Thermo-Mechanical Simulations

Using the Finite Element Method (FEM), we couple structural mechanics with other physical fields, such as heat transfer for thermomechanical simulations. We are capable of solving very complex and thus computationally intensive problems through the interfacing with a CAD program and the use of a High Performance Computing Cluster (HPC cluster).

FEM simulation of a commercial solar module.
© Fraunhofer ISE

FEM simulation of a commercial solar module with 60 cells in mechanical load test from 2400 Pa pull to 5400 push load. Shown is the tensile stress in the solar cells.

R&D Services for Thermo-Mechanical Simulations

In the Reserach Topic Module Technology we offer the following services in the field of thermo-mechanical FEM simulation:

  • FEM modelling of any component and calculation on a High Performance Computing Cluster (HPC cluster)
  • Virtual product development and material qualification
  • Virtual product optimization
  • Material characterization to determine the material properties, e.g. as input for FEM simulations
  • Experimental validation in the test laboratories of Fraunhofer ISE 

Application Examples

Thermomechanical Optimization of PV Modules

In a PV module, stresses occur during production and operation due to temperature changes and mechanical loads. These stresses can lead to cracks in the solar cells, joints or fatigue of the cell interconnectors. Simulations help us to understand these stresses and develop strategies for stress reduction. In the manufacturing process, thermomechanical stresses occur mainly during the interconnection of the solar cells and module lamination. If the modules are installed in a PV power plant, mechanical and thermal loads act on the modules due to weather conditions.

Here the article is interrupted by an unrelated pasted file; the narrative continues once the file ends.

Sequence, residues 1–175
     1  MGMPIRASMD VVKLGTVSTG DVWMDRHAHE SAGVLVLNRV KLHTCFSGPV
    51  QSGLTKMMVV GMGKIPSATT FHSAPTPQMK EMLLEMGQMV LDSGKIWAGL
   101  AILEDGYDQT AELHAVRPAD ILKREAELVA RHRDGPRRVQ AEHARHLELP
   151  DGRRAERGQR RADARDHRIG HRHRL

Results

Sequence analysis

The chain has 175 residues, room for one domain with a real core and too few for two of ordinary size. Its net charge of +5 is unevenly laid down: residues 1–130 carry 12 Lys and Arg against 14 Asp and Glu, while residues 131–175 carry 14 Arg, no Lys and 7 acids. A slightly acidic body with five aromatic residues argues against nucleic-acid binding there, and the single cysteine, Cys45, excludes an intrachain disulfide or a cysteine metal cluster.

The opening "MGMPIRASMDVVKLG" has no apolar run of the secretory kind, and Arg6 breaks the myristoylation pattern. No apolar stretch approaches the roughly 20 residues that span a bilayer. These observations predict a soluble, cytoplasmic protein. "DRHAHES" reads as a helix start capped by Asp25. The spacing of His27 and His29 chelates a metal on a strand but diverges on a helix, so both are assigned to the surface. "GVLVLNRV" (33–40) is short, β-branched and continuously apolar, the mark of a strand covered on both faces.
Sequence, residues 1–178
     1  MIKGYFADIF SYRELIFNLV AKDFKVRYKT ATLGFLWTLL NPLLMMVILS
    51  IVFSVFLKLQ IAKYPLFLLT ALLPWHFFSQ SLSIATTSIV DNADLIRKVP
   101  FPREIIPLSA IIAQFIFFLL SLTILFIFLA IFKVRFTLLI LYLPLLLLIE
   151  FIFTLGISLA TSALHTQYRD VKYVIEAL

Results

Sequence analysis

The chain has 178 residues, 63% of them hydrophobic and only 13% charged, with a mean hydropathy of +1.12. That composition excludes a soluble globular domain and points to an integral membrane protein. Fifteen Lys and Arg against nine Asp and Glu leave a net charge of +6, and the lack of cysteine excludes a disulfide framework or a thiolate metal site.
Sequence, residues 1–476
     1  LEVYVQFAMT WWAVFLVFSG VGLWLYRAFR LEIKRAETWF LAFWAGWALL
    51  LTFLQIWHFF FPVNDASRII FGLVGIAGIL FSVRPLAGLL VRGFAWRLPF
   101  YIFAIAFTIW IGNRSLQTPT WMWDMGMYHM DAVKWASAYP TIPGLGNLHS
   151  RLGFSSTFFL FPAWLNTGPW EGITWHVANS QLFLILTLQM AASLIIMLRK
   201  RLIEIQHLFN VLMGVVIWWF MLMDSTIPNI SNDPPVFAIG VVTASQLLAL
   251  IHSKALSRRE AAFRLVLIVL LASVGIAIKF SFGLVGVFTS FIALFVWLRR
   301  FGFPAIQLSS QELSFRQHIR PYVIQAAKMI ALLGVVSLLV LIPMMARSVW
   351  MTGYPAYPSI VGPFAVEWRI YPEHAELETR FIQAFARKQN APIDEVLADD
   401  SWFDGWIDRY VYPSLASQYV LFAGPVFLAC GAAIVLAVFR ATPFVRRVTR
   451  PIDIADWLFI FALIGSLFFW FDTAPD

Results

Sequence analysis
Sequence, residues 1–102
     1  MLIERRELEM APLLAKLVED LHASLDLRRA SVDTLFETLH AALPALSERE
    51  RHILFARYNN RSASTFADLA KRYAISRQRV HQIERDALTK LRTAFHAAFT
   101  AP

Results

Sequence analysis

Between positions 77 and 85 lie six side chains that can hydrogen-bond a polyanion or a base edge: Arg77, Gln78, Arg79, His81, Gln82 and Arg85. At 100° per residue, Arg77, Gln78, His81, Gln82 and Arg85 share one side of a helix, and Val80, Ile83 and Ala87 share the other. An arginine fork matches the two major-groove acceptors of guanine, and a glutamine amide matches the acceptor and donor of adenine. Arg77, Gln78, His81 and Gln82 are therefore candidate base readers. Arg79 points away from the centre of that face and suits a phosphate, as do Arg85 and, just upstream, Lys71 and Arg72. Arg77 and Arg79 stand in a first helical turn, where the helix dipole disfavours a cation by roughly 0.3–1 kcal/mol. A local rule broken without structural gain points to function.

In simulations, we reproduce the manufacturing processes and the load scenarios. For example, we simulate the mechanical load test and the thermal cycling test according to the requirements of the IEC 61215 test standard or use measured climate data to determine the thermal stresses that occur in real operation. From the FEM simulations we can derive how damage to the module can be avoided.

FEM simulation of load conditions of a commercial solar module with 60 cells
© Fraunhofer ISE
FEM simulation of load conditions of a commercial solar module with 60 cells.

Short Description:

  • Objective
    • Analysis of the influence of different solar cell and module sizes on the mechanical stability
    • Analysis of the influence of different materials and their thickness
  • Procedure
    • Creation of a 3D FEM model of the entire PV module, including frame
    • Simulation of the manufacturing process
    • Simulation of the mechanical load test at different temperatures
    • Evaluation based on the deflection of the PV module and the solar cell fracture probability
  • Result

    Module optimization through the following measures to reduce the probability of solar cell breakage:
    • more suitable material selection, e.g. softer encapsulation
    • Adaptation of the module design, e.g. glass-glass module
    • matched encapsulation properties and material thicknesses